Guru Rabbit

Turn a new leaf (and EAT it)

Grits ‘n’ Greens, Mediterranean-Style January 29, 2012

Maybe it’s because I’m part Mexican.  Maybe it’s because I’m part Paraguayan (the lost land of South America).  Or maybe it’s because I’m American-born.  But I’m quite a fan of any food that is based on corn as a grain.  Corn tortillas, tortilla chips, corn nuts, Fritos, grits, tamales, cornbread, pop-corn, Corn Pops…  I once lost, and swallowed, a baby tooth while eating Corn Pops.  Corn Flakes are kinda boring, but I’d eat them, I guess.  And let’s not forget Cheetos.  The crunchy kind, not puffy.

And then there’s polenta, the Italian answer to American grits.  Both are a simple combination of cornmeal and water to produce a porridge, but polenta is cooked longer than grits, to bring out more flavor from the grain.   Additionally, there is soft polenta, and firm.  Soft polenta is a more velvety version of grits.  Firm polenta has a creamy interior, yet is able to hold its shape.  Either style can be fashioned in a variety of ways: as breakfast, lunch, or dinner; main dish or side; sweet or savory; boldly flavored or mild.  Cornmeal is awesome…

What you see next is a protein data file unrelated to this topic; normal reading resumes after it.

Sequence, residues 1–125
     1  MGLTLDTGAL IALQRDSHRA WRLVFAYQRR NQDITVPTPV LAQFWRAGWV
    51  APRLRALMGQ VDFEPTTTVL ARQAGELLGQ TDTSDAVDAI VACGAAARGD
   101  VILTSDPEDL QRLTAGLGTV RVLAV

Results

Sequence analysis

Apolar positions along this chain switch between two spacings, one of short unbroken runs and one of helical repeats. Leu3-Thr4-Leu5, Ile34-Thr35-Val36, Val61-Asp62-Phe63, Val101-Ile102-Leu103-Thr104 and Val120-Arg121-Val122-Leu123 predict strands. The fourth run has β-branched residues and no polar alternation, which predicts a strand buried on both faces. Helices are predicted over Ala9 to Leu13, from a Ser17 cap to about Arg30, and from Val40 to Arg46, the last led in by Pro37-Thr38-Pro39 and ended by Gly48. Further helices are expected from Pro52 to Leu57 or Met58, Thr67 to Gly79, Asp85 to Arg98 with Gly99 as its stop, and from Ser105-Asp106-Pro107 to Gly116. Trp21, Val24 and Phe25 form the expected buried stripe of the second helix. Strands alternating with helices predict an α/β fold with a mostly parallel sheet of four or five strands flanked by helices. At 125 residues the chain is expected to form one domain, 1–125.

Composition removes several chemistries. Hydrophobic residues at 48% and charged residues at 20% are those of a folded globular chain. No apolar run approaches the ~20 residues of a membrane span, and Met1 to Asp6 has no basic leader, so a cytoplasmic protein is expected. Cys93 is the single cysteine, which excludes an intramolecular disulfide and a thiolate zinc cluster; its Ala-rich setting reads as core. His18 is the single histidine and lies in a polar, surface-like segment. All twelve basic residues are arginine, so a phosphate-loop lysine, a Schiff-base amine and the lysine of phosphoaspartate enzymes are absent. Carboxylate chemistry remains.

Firm Polenta (to impress your friends and family)

2 cups cornmeal (I used half coarse and fine ground)

6 cups water

salt to taste

any other desired herbs or spices (optional)

butter or olive oil (optional)

1) In a medium bowl, whisk together the cornmeal and 2 cups of the water to make a mush.

2) Heat the remaining water to a boil.  Add the salt, and whisk in the cornmeal mush.  I also threw in some black pepper, nutmeg, and paprika.  Reduce the heat to low, and cook for 30 to 45 minutes.  Stir almost constantly.  As time passes, the polenta will thicken.  (I went for 30 minutes, arms got tired.)

3) Once the time is up, spread the polenta onto a baking sheet lined with parchment paper.  You can spread it as thick as one inch, or thinner.  Let it cool for at least 15 minutes, depending on the thickness.  I neglected mine for a couple of hours, actually…